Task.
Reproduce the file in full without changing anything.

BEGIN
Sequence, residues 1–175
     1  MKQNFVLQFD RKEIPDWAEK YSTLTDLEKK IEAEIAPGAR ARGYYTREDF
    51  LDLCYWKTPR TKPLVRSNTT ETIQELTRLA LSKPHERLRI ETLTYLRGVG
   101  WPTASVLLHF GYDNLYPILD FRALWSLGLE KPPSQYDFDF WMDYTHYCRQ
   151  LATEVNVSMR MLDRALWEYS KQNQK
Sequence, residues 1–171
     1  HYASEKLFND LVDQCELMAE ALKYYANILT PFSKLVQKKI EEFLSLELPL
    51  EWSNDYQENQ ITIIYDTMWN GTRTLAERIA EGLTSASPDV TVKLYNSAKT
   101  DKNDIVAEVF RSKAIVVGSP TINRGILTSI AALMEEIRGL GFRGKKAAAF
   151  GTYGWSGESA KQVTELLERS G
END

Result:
Sequence, residues 1–175
     1  MKQNFVLQFD RKEIPDWAEK YSTLTDLEKK IEAEIAPGAR ARGYYTREDF
    51  LDLCYWKTPR TKPLVRSNTT ETIQELTRLA LSKPHERLRI ETLTYLRGVG
   101  WPTASVLLHF GYDNLYPILD FRALWSLGLE KPPSQYDFDF WMDYTHYCRQ
   151  LATEVNVSMR MLDRALWEYS KQNQK
Sequence, residues 1–171
     1  HYASEKLFND LVDQCELMAE ALKYYANILT PFSKLVQKKI EEFLSLELPL
    51  EWSNDYQENQ ITIIYDTMWN GTRTLAERIA EGLTSASPDV TVKLYNSAKT
   101  DKNDIVAEVF RSKAIVVGSP TINRGILTSI AALMEEIRGL GFRGKKAAAF
   151  GTYGWSGESA KQVTELLERS G